Nigerians vote for new president, delays seen at some polling stations

Onitsah, Nigeria, Feb 25 (Reuters/GNA) – Nigerians were voting on Saturday to elect a successor to President Muhammadu Buhari, with many hoping the next leader will steer Africa’s most populous nation and biggest economy on a new course after years of worsening violence and hardship.

Polling stations were scheduled to open at 8:30 a.m. (0730 GMT), though Reuters reporters at locations across the country saw a mixed picture, with delays of several hours in some places while voting got underway more swiftly at others. Several election officials said they had been delayed by the late arrival of vehicles to transport them and the election materials.

In the northeastern city of Maiduguri, the vice presidential candidate from the ruling party, Kashim Shettima, arrived to cast his ballot but was unable to do so as his designated polling station had not opened. In another northeastern city, Yola, opposition presidential candidate Atiku Abubakar was able to vote, surrounded by a chaotic scrum of media and supporters.

In the southeastern city of Onitsha, large numbers of voters waited for election officials to turn up.

“As you can see, our people have turned out hugely. Voter enlightenment was high and people are excited to take part in the election,” said voter Emmanuel Nwosu. “We will wait. They were supposed to start accreditation by 8:30 a.m. but even if they come at 9 p.m. today we will stay and vote.”

Buhari, a retired army general, is stepping down after serving the maximum eight years allowed by the constitution but failing to deliver on his pledge to bring back order and security across Nigeria, Africa’s top oil-producing nation.

The two parties that have alternated in power since the end of army rule in 1999 are facing an unusually strong challenge from a minor party candidate, who polls suggest has a chance thanks to support from young voters.

With seats in the National Assembly also up for grabs, more than 93 million people are registered to vote at some 176,600 polling stations that were supposed to be open between 8:30 a.m. and 2:30 p.m. (0730 GMT to 1330 GMT). Vote-counting will begin as soon as polls close and results will be posted outside polling stations, according to the Independent National Election Commission (INEC). The final tally from the 36 states and federal capital Abuja is expected within five days of voting.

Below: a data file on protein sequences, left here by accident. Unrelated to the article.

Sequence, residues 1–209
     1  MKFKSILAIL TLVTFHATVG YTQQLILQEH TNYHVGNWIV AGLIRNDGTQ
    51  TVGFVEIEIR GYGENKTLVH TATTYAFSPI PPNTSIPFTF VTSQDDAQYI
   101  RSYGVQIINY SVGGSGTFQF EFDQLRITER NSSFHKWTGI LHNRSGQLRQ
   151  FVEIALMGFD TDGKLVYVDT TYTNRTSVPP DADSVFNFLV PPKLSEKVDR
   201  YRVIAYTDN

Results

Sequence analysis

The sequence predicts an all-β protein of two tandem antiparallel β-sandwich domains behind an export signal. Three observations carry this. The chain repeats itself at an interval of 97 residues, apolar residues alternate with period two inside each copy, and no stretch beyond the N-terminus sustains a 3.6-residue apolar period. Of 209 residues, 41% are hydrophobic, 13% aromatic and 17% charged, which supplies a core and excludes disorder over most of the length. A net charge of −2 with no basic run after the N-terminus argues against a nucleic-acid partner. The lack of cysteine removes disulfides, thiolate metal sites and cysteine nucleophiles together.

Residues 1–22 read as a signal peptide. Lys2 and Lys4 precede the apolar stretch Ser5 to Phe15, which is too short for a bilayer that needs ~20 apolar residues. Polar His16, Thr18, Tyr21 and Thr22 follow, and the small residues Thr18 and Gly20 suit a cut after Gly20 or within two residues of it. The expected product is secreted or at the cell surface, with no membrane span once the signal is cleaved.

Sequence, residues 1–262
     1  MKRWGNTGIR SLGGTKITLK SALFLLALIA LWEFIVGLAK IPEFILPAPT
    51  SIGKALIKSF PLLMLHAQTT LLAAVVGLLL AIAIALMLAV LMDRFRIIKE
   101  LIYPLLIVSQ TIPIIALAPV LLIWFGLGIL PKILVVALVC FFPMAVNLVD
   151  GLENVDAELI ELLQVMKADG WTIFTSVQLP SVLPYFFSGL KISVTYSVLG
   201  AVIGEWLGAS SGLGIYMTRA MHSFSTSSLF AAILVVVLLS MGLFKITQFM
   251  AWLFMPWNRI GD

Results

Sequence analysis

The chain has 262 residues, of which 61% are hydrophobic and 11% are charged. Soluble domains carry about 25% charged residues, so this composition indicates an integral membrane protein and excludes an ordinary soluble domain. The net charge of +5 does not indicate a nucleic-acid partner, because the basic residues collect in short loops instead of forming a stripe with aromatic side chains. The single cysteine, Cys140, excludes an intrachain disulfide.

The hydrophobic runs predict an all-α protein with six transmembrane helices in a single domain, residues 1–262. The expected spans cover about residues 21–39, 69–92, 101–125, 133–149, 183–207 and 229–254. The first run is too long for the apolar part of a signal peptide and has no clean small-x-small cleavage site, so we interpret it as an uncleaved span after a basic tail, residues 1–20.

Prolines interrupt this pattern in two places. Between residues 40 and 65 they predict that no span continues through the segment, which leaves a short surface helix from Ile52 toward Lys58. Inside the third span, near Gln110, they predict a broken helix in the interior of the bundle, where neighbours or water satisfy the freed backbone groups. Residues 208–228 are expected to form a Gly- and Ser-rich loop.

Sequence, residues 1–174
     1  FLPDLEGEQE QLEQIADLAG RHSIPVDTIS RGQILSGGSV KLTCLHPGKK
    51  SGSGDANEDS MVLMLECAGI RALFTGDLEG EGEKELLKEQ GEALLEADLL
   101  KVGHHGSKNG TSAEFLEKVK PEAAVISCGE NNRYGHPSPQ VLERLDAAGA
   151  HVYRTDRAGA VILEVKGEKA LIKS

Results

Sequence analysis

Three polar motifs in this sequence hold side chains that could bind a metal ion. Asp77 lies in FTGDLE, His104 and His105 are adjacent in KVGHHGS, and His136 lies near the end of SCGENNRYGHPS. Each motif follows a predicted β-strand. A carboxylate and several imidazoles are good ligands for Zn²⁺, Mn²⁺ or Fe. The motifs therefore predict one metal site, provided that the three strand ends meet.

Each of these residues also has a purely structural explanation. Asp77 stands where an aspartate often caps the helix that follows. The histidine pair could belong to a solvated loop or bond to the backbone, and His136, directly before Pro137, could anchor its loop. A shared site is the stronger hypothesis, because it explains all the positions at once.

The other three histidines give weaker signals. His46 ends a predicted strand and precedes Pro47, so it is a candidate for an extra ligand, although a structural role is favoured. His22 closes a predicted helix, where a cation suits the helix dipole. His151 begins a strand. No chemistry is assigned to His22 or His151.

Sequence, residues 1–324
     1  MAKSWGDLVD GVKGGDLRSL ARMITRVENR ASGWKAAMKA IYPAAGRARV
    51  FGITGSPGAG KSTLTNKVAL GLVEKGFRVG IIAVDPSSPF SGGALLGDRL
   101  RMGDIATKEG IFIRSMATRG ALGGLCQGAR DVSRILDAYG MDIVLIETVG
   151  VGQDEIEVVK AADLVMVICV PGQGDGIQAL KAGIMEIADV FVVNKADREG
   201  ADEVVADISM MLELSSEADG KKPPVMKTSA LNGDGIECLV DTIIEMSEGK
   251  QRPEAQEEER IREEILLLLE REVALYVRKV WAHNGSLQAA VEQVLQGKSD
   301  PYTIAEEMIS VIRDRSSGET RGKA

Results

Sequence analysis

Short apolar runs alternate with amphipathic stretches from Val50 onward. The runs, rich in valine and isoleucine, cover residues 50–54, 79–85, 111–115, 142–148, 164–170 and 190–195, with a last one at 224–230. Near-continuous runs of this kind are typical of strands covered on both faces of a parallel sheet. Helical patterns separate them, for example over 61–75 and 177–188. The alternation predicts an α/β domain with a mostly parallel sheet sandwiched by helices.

“I hope that whoever becomes president will alleviate the suffering of the masses. We are in (a) difficult time, transportation costs and food prices have tripled,” said Umar Abdullahi, a tea seller waiting to vote in the northern city of Kano.

The run-up to the vote was marred by violence, a pattern seen in previous Nigerian elections, with the killing of a senatorial candidate in the volatile southeast region on Wednesday the latest in a series of serious incidents.

The election comes as Nigerians are struggling to cope with a shortage of cash caused by a botched plan to swap old bank notes for new ones that has wreaked havoc on people’s daily lives and led to scenes of violence at banks and cash machines.

The new president will also have to grapple with problems ranging from high inflation, deep poverty and energy shortages, to an Islamist insurgency in the northeast, industrial-scale oil theft in the south and rampant crime everywhere.

For the election, land borders were closed, soldiers were patrolling the streets in several states and movements were restricted in an effort by the authorities to boost security.

The main contenders in the race to succeed Buhari are former Lagos governor Bola Tinubu, 70, of the ruling All Progressives Congress, former vice president Atiku Abubakar, 76, of the main opposition Peoples Democratic Party, and former Anambra State governor Peter Obi, 61, of the smaller Labour Party.

Tinubu and Atiku, as he is known in Nigeria, are both political heavyweights with decades of networking behind them and bulging campaign coffers. Both Muslims, Tinubu is an ethnic Yoruba from the southwest and Atiku is a Fulani from the northeast.

Obi, a Christian from the Igbo ethnic group, has less of a political machine behind him but has used a slick social media campaign to generate huge enthusiasm among young voters, with some even calling themselves the “Obidients”.

“We have come out to vote. Our son Peter Obi is in the race and we cannot be found wanting,” said Maria Onyeke, who was waiting for her polling station to open in Onitsha, a predominantly Igbo city.

Nigeria has a long history of electoral fraud and violence, though its polls have been getting gradually cleaner in recent cycles.

INEC says it has introduced new technology and procedures to ensure a free and fair election, such as a Bimodal Voter Accreditation System (BVAS) that identifies voters using biometric data. Reuters reporters in several locations said INEC officials were struggling to get the BVAS devices to work because of poor network connectivity.

Despite INEC’s precautions, analysts have warned there were still risks that cash-strapped citizens could be vulnerable to vote-buying attempts by candidates, and a shortage of fuel that could make it hard for INEC to deploy staff and equipment to all areas.

GNA/Credit: Reuters